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home : articles : A look at Full Scene Anti-Aliasing : page 2

Joe Glass
April 2, 2000

Why do we need it and what's involved?
FSAA takes a huge amount of pixel fill rate away from the chipset. The reason for this is that in order to do FSAA, the chipset has to render more pixels to a frame than normal. There are several techniques in doing this. One is to do super sampling. This method involves rendering a frame at twice the screen resolution and then downsample the frame (reduce in size) by 50%. This is very simple to do but not the most efficient. To do 800x600, it requires the memory and pixel fill rates equivalent to 1600x1200 resolution. This method has been intriduced by Videologic some time ago in their PowerVR chipset. You can simulate this in a graphics program such as Paint Shop Pro or Adobe Photoshop. Take a screenshot of your favorite game in action. Import it into your graphics program and downsample the image 50%. The end result should give you an idea of how FSAA looks.

There are better and more efficient ways of doing FSAA. The 3dfx method works with their T-buffer technology. It renders every object in a rendered frame with a slight offset. Again, this takes a huge amount of pixel fill rate but does not require the same memory resources as the previous super-sampling method. This is all provided by 3dfx's T-buffer technology.

How does it look?
For super-sampling, try my method mentioned above. For an example of 3dfx's method, try the T-Bluffer demo on Demonews. The T-Bluffer demo uses OpenGL and demonstrates nearly all of 3dfx's T-buffer effects. The difference here is that the T-Bluffer demo is software based and not accelerated in hardware like the VSA-100.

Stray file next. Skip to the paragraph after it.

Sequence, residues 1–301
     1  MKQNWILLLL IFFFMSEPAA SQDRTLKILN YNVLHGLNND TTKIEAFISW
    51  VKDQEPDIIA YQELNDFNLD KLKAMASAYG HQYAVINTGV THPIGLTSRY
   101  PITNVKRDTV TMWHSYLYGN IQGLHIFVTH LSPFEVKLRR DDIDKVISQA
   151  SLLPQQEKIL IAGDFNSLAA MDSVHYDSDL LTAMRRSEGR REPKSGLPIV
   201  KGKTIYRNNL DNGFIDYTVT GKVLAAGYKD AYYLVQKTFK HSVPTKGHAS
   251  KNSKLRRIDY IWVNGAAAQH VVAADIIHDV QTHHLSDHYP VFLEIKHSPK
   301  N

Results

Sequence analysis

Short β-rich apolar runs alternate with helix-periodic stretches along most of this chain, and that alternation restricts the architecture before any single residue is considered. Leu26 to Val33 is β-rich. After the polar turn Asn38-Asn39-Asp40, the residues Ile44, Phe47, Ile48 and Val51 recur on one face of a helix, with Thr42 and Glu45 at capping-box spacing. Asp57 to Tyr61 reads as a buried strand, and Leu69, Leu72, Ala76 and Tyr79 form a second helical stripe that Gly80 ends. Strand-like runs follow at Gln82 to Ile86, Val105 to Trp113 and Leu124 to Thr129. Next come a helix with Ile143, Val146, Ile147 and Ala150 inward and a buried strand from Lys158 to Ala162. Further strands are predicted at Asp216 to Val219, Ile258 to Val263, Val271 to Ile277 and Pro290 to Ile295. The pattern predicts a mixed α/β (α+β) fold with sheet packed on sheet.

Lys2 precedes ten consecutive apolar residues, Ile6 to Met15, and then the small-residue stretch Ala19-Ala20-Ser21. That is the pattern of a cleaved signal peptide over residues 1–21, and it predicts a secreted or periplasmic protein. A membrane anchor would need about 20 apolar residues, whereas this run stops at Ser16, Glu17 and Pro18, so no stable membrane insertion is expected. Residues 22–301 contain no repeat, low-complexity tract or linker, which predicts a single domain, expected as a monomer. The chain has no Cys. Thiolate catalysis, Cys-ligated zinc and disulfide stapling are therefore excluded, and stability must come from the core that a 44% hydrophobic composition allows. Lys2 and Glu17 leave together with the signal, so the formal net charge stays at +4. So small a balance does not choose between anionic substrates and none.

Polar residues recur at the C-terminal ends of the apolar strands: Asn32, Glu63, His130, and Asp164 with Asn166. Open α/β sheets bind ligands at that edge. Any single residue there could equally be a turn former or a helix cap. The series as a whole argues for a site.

For those that can remember, NVIDIA tried FSAA with the RIVA 128. Unfortunately, the RIVA 128 had dreadfully slow fill rate thus FSAA was dropped. Thankfully, NVIDIA's CEO Jen Hsun Huang hinted that FSAA would make a come back this year and it should debut officially in the NV15. For those that can't wait, if you have a GeForce 256 or RIVA TNT2, you can try NVIDIA's leaked 5.13 Detonator drivers. these drivers give a feel as to what FSAA will do for NVIDIA chipsets.

I have been able to take some screenshots using the 5.13 drivers. I'm not going to provide benchmarks since this has been discussed in length elsewhere on the web, and we all know that there is a huge hit in performance in the 5.13 beta drivers.

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